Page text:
Democrats Scramble to Fill Campaign War Chest

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Al Gore's challenge to George W. Bush in the wake of the Super Tuesday primaries — twice-a-week debates, joint town meetings, forswearing party soft money — sounded high-minded, but it was really wishful thinking. Without some sort of seismic shift in the ground rules, Gore faces a daunting task: keeping the Democratic National Committee flush enough to compete with the expected barrage of GOP TV ads all spring and summer.

The night Gore swept to victory, party chairman Ed Rendell was at the New Jersey home of State Senator Ray Lesniak, telling him and other top Gore fund-raisers that he wants to bring in $45 million to run ads in 10 to 15 battleground states from April until the August Democratic convention. He told the group he expects Bush and the RNC to raise twice that much.

Insiders grouse that Rendell has failed to net big dollars, but the former mayor of Philadelphia, who plans to run for governor in 2002, is considered too important to sweep aside. "Can you envision the vice president or President asking me to leave?" the self-assured chairman said to TIME. He boasts $10 million in February receipts, most of it from events headlined by the President.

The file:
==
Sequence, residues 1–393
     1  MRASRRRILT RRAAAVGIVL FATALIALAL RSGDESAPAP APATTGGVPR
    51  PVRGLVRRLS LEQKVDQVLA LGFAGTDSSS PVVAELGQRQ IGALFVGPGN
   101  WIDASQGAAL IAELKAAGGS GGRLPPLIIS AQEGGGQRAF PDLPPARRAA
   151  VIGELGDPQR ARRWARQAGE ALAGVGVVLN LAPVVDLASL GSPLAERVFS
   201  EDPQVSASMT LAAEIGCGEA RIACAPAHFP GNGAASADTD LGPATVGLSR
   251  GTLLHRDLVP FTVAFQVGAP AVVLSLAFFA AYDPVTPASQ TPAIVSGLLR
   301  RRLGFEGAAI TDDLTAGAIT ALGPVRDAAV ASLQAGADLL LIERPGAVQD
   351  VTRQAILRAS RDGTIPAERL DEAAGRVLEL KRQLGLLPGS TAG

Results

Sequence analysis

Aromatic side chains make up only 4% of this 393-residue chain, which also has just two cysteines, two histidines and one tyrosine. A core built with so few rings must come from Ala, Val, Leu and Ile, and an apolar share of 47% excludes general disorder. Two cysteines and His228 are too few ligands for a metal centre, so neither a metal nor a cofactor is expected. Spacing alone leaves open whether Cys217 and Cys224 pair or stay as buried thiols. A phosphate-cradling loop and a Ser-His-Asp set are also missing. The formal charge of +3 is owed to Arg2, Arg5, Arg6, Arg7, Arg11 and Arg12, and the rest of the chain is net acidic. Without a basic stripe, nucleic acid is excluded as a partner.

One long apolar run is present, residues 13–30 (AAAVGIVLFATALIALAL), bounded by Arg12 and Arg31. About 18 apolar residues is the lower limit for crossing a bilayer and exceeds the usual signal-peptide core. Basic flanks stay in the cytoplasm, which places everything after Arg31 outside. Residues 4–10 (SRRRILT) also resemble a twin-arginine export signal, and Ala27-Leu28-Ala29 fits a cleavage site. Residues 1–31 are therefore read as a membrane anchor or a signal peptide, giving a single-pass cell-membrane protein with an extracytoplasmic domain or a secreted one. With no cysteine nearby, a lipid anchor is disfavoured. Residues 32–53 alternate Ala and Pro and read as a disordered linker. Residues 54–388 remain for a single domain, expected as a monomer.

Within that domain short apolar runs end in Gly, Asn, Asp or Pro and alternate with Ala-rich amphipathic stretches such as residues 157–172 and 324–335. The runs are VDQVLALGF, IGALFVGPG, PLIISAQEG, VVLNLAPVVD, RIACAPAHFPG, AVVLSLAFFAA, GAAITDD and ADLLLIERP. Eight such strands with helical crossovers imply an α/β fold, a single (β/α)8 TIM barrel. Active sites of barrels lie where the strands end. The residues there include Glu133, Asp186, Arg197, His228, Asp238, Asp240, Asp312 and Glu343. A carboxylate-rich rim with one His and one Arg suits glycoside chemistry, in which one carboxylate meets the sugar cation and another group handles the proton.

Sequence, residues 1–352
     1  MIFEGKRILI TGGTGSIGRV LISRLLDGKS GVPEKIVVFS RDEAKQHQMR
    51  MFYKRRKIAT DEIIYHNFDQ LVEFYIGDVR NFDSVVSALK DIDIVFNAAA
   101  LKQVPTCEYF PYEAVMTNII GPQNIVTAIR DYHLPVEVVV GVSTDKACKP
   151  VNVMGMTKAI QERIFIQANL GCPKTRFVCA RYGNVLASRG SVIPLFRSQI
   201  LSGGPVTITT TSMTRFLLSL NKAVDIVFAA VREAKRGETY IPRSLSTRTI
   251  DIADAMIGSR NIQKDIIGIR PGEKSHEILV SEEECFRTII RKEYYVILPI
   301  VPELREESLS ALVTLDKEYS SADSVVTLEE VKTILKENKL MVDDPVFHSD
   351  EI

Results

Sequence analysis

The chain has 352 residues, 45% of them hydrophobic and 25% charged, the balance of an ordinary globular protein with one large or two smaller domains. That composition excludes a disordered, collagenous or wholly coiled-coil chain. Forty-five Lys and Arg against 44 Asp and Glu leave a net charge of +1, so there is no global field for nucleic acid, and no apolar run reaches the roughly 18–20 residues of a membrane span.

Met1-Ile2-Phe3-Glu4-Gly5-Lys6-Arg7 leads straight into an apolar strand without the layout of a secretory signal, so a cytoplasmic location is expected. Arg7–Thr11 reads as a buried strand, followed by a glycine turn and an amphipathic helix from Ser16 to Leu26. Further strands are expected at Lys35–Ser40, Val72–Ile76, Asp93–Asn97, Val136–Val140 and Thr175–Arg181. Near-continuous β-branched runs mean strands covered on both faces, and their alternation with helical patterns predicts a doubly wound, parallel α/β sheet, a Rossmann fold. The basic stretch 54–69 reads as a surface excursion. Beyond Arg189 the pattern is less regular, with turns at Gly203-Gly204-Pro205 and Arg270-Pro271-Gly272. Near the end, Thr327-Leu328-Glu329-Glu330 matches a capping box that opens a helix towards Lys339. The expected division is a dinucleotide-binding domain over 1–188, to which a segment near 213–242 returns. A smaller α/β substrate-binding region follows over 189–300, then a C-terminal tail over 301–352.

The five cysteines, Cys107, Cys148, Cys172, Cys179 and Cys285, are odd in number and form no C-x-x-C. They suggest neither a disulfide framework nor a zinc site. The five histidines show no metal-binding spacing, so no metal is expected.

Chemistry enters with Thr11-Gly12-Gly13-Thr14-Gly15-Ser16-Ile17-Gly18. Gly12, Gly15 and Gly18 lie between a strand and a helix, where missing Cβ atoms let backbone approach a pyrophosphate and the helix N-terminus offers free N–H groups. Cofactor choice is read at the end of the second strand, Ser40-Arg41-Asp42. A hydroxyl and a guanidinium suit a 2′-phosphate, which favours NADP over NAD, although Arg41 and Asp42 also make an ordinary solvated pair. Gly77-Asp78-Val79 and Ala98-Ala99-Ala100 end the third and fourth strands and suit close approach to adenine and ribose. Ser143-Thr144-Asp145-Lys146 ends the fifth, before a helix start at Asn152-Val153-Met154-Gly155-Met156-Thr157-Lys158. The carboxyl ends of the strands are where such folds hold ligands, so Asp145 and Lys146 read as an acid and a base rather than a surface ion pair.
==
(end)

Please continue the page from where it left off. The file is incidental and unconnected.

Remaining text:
Bill Clinton remains the party's best draw; he could tally as much as $25 million before the convention, a Democratic insider estimates. A gala tribute to Clinton in May, staged by money magician Terry McAuliffe, is expected to raise at least $5 million. Gore will begin pitching in later this month. On March 30, with two Gore dinners in Washington and three Clinton events in New York City, the DNC hopes to bring in close to $3 million.

Last week Rendell sent pleas to the DNC's biggest hitters to contribute sooner rather than later for the planned air offensive this spring, but he has competition. The Gore campaign hasn't finished raising the roughly $44 million it's allowed to spend before the convention under federal matching-fund rules (by which Bush isn't bound). Gore remains about $3 million shy of finishing a task that, under his original plan, was supposed to be done last fall.

Meanwhile, Gore is moving faster than past presumptive nominees to take over his party's apparatus. Campaign officials Donna Brazile and Michael Whouley are being pressured to move from Gore headquarters in Nashville to the DNC, and national finance chairman Johnny Hayes may soon follow.